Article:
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Bringing History to Vivid Life: George Snook Retires

George Snook made history come alive for Packer students for thirty years, challenging them to think, speak, and write critically and precisely. He taught a wide range of courses, but was perhaps best known for his Advanced Topics in European History and his electives New York City History and History of Warfare. Students will long remember the ways he incorporated art, ancient weapons, and vivid stories into his classes. 

A recipient of the PA Excellence in Teaching Award and past holder of the Babbott Chair, George was indefatigable in his commitment to historical scholarship, intellectual rigor, and innovative pedagogy. Packer alumni have been known to hold their college professors up to the gold standard of “he was no Mr. Snook.” 

George's colleagues will miss his piercing intellect and his friendship. We salute, and will always remember, George Snook — a Packer treasure. 

At an Upper School end-of-year celebration, students paid tribute to several beloved and longtime teachers. Below, Sam Levine ’21 shares the impact George made on him.   

Mr. Snook is one of the great legends of the Packer community. Almost every Packer student, whether they have had him as a teacher or not, knows of Mr. Snook’s impressive collection of historical weaponry, his riveting lectures, his (formerly) long mane of silvery hair, and of course, his charming dog, Scout.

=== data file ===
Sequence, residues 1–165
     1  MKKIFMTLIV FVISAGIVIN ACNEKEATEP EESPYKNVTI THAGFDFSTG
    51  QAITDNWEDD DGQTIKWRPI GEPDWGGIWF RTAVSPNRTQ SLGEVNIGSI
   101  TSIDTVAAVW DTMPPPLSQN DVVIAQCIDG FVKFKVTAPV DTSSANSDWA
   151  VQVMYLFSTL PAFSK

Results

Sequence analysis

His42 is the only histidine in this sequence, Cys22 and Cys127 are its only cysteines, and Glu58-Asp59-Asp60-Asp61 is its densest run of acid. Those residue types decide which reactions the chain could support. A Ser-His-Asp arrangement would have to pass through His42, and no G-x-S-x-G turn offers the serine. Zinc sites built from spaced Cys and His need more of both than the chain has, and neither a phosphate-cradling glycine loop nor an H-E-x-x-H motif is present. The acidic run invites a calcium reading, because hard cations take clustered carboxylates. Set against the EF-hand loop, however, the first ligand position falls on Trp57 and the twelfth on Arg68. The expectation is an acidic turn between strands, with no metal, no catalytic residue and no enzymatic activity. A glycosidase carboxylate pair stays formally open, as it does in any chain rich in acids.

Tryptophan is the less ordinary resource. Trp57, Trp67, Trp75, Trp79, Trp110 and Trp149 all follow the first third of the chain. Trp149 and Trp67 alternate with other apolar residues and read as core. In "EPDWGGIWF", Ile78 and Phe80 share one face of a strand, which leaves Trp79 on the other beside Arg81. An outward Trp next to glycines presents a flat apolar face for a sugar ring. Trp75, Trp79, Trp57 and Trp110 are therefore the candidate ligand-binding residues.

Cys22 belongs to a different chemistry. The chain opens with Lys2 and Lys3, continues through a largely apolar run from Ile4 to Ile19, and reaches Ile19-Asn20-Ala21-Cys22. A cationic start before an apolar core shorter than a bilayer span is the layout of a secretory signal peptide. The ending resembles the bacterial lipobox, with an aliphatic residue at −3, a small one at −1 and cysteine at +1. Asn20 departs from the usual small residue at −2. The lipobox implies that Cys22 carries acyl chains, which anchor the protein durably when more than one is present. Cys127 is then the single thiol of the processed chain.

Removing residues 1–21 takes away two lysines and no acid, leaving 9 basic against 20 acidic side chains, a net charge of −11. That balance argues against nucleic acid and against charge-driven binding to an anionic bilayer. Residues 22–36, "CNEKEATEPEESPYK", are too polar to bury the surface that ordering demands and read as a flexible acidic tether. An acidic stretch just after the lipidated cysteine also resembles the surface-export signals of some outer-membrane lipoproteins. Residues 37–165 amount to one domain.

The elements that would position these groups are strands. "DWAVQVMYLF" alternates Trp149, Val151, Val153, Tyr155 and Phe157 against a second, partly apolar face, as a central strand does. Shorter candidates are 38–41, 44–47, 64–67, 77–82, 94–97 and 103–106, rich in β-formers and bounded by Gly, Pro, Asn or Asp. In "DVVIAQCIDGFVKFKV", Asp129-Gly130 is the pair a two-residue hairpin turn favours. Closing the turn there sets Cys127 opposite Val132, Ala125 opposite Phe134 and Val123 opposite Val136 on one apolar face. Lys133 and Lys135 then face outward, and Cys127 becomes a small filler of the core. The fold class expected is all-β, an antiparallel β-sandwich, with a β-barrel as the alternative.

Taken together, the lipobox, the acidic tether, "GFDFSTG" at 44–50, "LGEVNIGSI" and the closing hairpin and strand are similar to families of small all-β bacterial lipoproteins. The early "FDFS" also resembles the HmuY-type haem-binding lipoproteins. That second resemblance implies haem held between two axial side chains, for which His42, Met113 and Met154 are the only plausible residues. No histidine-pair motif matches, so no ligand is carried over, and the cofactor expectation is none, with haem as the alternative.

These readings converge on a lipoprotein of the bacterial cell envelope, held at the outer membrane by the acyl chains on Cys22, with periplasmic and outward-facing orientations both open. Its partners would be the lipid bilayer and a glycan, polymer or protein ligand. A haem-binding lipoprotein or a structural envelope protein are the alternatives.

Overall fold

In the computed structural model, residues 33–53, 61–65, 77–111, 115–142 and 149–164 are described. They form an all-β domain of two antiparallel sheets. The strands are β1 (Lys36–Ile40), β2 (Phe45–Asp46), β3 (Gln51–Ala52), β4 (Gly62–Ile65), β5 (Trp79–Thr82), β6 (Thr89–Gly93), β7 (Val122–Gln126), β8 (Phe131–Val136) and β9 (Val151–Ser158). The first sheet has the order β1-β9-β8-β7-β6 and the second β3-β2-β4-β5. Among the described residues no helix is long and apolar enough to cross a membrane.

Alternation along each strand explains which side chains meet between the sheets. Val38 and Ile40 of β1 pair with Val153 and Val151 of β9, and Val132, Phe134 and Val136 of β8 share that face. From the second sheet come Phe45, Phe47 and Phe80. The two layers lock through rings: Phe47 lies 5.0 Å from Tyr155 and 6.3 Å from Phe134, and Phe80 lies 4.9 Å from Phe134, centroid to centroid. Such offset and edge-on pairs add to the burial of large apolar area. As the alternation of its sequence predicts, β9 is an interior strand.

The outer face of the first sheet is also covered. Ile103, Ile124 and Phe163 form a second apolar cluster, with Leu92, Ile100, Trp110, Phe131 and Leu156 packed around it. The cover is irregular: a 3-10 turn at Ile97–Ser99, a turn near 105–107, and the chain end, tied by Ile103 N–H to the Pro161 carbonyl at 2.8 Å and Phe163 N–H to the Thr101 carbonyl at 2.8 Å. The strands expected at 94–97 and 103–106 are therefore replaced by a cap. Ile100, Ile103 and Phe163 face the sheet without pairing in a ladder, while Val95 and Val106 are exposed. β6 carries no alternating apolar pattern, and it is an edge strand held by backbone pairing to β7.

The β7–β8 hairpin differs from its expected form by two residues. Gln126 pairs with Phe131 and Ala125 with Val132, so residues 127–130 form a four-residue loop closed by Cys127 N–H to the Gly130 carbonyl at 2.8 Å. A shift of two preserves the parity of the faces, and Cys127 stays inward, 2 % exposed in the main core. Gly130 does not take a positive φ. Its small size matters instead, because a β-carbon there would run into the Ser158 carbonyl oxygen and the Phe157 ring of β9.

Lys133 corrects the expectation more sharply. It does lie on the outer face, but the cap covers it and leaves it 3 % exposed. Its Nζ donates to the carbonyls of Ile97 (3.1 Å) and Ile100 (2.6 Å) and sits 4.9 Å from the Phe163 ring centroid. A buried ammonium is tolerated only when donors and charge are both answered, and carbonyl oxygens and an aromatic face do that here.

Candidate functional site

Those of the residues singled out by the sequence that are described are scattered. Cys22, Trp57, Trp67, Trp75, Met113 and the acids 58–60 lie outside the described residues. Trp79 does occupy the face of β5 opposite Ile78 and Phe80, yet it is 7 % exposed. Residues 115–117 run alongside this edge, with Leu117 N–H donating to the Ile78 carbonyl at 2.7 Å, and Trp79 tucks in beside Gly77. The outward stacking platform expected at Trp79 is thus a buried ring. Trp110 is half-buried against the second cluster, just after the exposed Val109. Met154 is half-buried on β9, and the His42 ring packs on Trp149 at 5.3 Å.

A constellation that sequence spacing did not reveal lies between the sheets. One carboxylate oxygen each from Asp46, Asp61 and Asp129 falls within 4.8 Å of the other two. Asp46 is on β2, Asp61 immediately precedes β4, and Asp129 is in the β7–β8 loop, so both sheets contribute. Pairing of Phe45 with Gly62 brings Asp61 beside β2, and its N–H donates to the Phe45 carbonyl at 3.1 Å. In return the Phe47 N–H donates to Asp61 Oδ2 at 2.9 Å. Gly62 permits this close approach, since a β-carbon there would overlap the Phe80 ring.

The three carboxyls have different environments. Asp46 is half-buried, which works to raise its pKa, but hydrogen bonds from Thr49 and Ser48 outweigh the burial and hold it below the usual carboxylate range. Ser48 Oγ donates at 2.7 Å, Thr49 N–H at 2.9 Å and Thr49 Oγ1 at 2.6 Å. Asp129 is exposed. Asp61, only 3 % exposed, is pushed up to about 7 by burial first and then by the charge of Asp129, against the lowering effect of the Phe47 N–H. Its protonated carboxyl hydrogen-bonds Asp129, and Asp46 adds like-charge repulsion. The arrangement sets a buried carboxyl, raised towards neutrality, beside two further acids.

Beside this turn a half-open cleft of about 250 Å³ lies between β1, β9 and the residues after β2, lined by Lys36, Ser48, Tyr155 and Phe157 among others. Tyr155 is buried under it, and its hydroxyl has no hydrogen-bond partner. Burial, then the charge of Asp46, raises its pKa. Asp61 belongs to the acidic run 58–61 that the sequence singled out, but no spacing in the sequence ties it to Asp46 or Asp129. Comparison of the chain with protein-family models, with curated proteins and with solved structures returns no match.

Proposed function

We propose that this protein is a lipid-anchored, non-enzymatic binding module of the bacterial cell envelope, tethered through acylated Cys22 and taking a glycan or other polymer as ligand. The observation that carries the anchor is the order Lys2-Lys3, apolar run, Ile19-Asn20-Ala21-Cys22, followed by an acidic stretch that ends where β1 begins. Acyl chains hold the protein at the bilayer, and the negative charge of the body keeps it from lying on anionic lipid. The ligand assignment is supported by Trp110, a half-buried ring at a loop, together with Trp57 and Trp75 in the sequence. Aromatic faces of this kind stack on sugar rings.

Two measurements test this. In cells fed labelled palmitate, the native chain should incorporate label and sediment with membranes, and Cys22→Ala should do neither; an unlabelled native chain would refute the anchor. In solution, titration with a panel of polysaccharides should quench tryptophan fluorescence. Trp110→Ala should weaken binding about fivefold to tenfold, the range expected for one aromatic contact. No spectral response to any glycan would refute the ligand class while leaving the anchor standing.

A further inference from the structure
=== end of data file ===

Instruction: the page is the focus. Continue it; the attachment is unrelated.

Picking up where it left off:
I was lucky enough to take not just one, but two classes with Mr. Snook in his final year of teaching. And I can confirm that all the hype is true: Mr. Snook is truly an incredible teacher. He pushes every one of his students to be the best historian they can be, and his passion for teaching and for history makes each class an exciting performance.

Mr. Snook is the most knowledgeable and mystical person any of us know; we will never fail to be surprised each time he tells us new anecdotes about himself, like the recent revelation that he rode on top of a truck as it drove straight towards an angry elephant in the Kenyan desert. He is full of stories, wisdom, and historical expertise, and by being in his class we have learned not just the facts of past events, but also the fascinating stories and wild occurrences that make studying history so exciting. He has taught us how to see history through a critical lens, analyzing the past to understand the ‘why’ and drawing connections to today’s world. 

Mr. Snook, you have left an enormous mark on the Packer community and on each of your students, and we will miss you dearly. We want to wish you happiness and fulfillment in your well-deserved retirement, and we know that you will continue to do awe-inspiring things with your newfound time and forever-adventurous spirit. So thank you for all you have taught us, and we wish you the best as you begin this new and exciting chapter of your life.

—Sam Levine ’21 

George in his own words

In the weeks before his retirement was official, George offered some reflections on his 30 years at Packer:

For more on George—including his love of Packer’s architecture and the children’s book that continues to resonate with him—look back at his Know Your Pelicans feature

If you would like to submit well-wishes to George, please send them to

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